Explanation. Lessons to be benefited from the verses. Exercises.

Comment: Teaching that paradise is the reward of good-doers who are pious “believers” (i.e. Muslims) is awkward for classmates who are not Muslim.

Everyone Is Bound by Islam

General Exercises on Unit 1[19]
Refer to the Holy Koran and bring forth: 1-a) Ten noble verses that call for doing good and show the reward; 1-b) Memorize the noble verses and record them under the title of “best words in the domain of good doing”; 1-c) Write under each verse the name of the sura [verse] from which it was quoted, and the verse number;…. 4) Demonstrate your understanding of the noble verses studied in this lesson and how society’s progress is related to (religious) rectitude, etc.

Comment: Non-Muslims should not be bound by such purely religious injunctions.

“Social Behavior--Dealing with Rumors”
What do we learn in this lesson? The importance of following the right course.
The Holy Koran is God’s course on earth, and whoever follows it will find the right way and be saved, but whoever disobeys will be lost and will perish. Among its great guidance is that whatever we hear, as news or rumors, we must ascertain its truth, and we must obey God and His Messenger, and that we should reconcile the antagonists and resolve their disagreements amicably so that people live in peace.

God the Most High says: “O believers, if an ungodly man comes to you with a tiding, make clear, lest you afflict a people unwittingly, and then repent of what you have done. And know that the Messenger of God is among you. If he obeyed you in much of the affair, you would suffer; but God has endeared to you belief, decking it fair in your hearts, and He has made detestable to you unbelief and ungodliness and disobedience. Those--they are the right-minded, by God’s favor and blessing; God is All-knowing, All-wise. If two parties of the believers fight, put things right between them; then, if one of them is insolent against the other, fight the insolent one till it reverts to God’s commandment. If it reverts, set things right between them equitably, and be just. Surely God loves the just. The believers indeed are brothers; so set things right between your two brothers, and fear God; haply so you will find mercy.” Koran, 49: 6-10.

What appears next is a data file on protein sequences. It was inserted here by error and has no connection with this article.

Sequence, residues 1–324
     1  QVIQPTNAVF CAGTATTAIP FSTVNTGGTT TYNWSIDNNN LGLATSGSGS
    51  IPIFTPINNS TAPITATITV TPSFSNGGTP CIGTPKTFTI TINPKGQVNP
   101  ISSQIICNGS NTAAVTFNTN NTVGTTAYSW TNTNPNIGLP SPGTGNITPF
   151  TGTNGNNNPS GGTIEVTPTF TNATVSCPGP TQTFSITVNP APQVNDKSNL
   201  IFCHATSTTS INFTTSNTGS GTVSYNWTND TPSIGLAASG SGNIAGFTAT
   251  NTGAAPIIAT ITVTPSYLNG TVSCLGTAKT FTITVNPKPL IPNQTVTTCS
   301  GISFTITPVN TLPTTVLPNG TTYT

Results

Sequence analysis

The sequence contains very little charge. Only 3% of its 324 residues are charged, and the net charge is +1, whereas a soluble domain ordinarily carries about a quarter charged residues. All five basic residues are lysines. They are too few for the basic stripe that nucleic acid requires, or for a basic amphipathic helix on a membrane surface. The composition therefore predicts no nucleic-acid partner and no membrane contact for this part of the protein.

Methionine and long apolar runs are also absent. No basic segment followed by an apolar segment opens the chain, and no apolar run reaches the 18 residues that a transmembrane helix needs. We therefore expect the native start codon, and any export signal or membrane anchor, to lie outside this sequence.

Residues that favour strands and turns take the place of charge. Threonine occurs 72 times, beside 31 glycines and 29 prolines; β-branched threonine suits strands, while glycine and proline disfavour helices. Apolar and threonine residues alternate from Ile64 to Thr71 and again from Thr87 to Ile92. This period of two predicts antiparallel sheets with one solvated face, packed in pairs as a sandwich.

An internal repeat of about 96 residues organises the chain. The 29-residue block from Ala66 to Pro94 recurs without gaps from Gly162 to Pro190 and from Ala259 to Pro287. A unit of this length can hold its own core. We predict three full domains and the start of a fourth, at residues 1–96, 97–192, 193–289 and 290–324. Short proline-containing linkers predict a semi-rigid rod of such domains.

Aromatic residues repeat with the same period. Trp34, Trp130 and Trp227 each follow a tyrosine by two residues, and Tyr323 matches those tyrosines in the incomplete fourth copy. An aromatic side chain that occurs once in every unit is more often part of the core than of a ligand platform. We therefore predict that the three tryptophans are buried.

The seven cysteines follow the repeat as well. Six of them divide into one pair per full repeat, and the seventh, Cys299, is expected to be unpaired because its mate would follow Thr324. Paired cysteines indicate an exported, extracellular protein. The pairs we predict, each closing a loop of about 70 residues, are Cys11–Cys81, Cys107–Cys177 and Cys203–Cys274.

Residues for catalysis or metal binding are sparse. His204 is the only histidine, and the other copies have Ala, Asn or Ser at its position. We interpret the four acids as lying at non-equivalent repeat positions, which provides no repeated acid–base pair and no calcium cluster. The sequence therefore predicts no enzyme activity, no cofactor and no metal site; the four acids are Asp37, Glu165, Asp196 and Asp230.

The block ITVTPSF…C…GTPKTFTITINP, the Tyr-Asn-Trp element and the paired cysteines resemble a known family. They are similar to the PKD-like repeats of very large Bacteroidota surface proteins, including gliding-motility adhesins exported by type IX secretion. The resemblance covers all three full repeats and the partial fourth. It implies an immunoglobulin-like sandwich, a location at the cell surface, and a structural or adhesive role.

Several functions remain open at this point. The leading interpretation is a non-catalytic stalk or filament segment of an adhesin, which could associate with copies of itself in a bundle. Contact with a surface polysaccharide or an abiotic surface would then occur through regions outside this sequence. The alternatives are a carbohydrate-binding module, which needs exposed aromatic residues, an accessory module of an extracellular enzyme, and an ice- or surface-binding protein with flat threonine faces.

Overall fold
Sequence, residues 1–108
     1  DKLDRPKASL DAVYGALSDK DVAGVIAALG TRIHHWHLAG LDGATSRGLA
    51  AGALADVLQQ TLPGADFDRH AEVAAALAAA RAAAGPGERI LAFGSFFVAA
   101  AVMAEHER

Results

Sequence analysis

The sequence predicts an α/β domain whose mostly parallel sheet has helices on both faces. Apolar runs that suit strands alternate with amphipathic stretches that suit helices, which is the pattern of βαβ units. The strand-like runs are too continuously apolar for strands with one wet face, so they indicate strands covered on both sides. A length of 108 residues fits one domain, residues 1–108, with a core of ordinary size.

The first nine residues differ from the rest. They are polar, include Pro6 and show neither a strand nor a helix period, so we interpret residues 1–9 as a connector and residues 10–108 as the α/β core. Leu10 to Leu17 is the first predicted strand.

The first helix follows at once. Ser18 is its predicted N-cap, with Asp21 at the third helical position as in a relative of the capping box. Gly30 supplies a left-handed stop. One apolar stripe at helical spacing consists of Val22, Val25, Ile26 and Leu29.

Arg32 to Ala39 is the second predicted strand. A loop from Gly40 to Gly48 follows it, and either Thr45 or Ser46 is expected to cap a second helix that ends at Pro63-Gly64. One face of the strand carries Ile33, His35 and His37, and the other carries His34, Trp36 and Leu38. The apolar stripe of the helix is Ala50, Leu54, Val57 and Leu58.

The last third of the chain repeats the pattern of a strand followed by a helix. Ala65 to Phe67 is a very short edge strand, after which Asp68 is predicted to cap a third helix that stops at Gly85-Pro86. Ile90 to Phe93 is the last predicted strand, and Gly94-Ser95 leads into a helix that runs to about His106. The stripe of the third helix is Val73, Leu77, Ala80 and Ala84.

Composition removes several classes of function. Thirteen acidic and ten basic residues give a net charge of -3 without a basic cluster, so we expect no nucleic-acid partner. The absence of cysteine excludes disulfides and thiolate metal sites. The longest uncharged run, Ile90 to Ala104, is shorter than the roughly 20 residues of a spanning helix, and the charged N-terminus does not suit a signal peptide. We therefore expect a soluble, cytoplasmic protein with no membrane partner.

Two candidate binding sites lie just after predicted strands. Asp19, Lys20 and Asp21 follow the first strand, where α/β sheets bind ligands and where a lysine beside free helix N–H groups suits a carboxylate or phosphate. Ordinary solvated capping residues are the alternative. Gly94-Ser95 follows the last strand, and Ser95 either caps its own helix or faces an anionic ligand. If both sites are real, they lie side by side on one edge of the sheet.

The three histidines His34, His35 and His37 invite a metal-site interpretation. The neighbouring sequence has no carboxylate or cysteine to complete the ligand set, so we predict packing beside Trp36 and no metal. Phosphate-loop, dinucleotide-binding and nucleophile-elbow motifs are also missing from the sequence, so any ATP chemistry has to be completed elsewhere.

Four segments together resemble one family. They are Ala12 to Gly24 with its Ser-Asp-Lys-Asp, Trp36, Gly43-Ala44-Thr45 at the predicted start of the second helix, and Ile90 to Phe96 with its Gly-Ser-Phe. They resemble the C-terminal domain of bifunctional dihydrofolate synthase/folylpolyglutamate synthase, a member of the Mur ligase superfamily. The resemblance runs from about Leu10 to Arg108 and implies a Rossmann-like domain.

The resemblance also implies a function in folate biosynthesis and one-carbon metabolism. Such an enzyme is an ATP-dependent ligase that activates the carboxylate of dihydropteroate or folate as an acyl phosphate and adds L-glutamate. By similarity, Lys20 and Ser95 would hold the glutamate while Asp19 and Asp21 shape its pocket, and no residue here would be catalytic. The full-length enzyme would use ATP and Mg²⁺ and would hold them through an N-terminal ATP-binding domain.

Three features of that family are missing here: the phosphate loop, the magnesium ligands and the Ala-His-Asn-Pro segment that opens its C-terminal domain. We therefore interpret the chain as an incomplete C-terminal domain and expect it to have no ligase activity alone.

Meanings and compositions

O believers: know that the Messenger of God is in you and with you, guides and directs you, with the inspiration of God the Most High in whatever has mercy for you. Among God’s favor on you is that He guided you to belief and made it lovable in your hearts, and cleansed your hearts from that evil (disbelief [kufr], corruption, and disobedience) and made you among the guided faithful who reason things, submit to God, and are confident of His choice. This is a firm truth and a lawful basis that guarantees the safety of the society against disunity and diversion, as believers are all brethren, who are like one body; if one of its members complains, the others feel the pain. Thus the Koran directs us toward what to do in case disagreements occur.

Comment: Non-Muslim pupils in a compulsory class should not be forced to accept that “The Koran is God’s course on earth and whoever… disobeys it is lost and perishes.” Indeed, mandating that students accept this strikes at the heart of confessional freedom.

Imposing Islamic Interpretations on Non-Muslims

“Heroic Deeds--The Martyr”
Objectives of the lesson: Become acquainted with the meaning of the word martyr--read the hadith correctly. Identify the signs of beauty of expression in the hadith--the martyr’s reward from God.

Who is the martyr? This is what we learn from this noble hadith: According to Sa’id bin Zayd, the Messenger said: “He who is killed while guarding his property is a martyr; he who is killed while defending himself is a martyr; he who is killed defending his religion is a martyr, and he who dies protecting his family is (also) a martyr.” Reported by Sa’id ibn Zayd, related by al-Tirmidhi.